Sarvavyapin, Sarvavyāpin, Sarvavyapi, Sarva-vyapin, Sarvavyāpī, Sarva-vyapi: 8 definitions
Sarvavyapin means something in Hinduism, Sanskrit, Jainism, Prakrit. If you want to know the exact meaning, history, etymology or English translation of this term then check out the descriptions on this page. Add your comment or reference to a book if you want to contribute to this summary article.
Purana and Itihasa (epic history)Source: archive.org: Shiva Purana - English Translation
Sarvavyāpin (सर्वव्यापिन्) refers to one who is “all-pervasive” and is used to describe Śiva, according to the Śivapurāṇa 2.2.42.—Accordingly, as Viṣṇu eulogised Śiva:—“[...] O great God, O supreme God, the bestower of blessings on the world, O storehouse of mercy, the helper of the distressed, Thou art the great Brahman, the great soul. O Lord, Thou art all-pervasive (i.e., Sarvavyāpin) and independent. Thy glory can be known only through the Vedas. This Dakṣa is my devotee. He has been wicked to censure you before. He has committed an offence making us meritless. O great lord, Thou must forgive him since thou art free from aberrations”.
The Purana (पुराण, purāṇas) refers to Sanskrit literature preserving ancient India’s vast cultural history, including historical legends, religious ceremonies, various arts and sciences. The eighteen mahapuranas total over 400,000 shlokas (metrical couplets) and date to at least several centuries BCE.
Shaktism (Shakta philosophy)Source: Google Books: Manthanabhairavatantram
Sarvavyāpin (सर्वव्यापिन्) refers to “all-pervasive”, according to the Ṣaṭsāhasrasaṃhitā, an expansion of the Kubjikāmatatantra: the earliest popular and most authoritative Tantra of the Kubjikā cult.—Accordingly, “(Kāmarūpa) is the Neuter (absolute) within the qualities. It has emerged as the pervasion (of consciousness) and, in front of the middle seat, is located on the peak in front. (Pleasing and delicate) like a lotus petal, it is radiant (with energy) and grey in colour. It shakes with mighty and fierce currents (of energy) engaged in striking against (it) and rocking (it) all around as it dries up (the entire) universe. The all-pervasive Lord of Kula [i.e., sarvavyāpin-kuleśvara] resides within (this), the maṇḍala of six spokes. There is nothing devoid of that within the sphere of emanation and withdrawal”.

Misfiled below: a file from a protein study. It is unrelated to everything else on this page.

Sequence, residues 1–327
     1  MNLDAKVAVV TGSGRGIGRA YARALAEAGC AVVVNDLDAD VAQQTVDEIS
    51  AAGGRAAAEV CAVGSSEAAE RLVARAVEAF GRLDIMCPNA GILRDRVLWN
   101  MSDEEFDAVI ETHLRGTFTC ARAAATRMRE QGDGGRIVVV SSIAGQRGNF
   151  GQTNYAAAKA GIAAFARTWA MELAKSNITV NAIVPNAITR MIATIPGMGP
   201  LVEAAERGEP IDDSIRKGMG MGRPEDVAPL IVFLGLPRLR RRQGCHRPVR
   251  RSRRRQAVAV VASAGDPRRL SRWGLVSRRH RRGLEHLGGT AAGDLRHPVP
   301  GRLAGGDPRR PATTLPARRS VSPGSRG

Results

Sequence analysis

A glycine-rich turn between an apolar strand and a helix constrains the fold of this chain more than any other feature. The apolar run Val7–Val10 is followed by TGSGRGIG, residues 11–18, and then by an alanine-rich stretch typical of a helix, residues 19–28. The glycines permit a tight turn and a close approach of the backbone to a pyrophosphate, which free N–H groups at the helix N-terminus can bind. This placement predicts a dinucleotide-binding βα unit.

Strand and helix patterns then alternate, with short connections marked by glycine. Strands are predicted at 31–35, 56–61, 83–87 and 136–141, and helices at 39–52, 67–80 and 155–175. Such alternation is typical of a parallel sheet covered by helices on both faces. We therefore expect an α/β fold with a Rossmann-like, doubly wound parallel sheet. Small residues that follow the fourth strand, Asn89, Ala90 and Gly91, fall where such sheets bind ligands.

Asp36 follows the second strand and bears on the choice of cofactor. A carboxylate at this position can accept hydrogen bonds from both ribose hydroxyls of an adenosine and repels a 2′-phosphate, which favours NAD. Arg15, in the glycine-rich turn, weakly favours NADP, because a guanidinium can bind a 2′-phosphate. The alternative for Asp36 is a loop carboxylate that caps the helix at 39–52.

Shakta (शाक्त, śākta) or Shaktism (śāktism) represents a tradition of Hinduism where the Goddess (Devi) is revered and worshipped. Shakta literature includes a range of scriptures, including various Agamas and Tantras, although its roots may be traced back to the Vedas.
General definition (in Jainism)Source: The University of Sydney: A study of the Twelve Reflections
Sarvavyāpin (सर्वव्यापिन्) refers to “(that which is) pervading everything”, according to the 11th century Jñānārṇava, a treatise on Jain Yoga in roughly 2200 Sanskrit verses composed by Śubhacandra.—Accordingly, “I think, that doctrine, whose progress is unimpeded [com.—it is that which is pervading everything (sarvavyāpī)], has arisen for the benefit of the world of living souls in the guise of world-protectors. If, because of the power of the doctrine, it is not received by those whose minds are boundless, then there is not a cause for enjoyment and liberation in the three worlds”.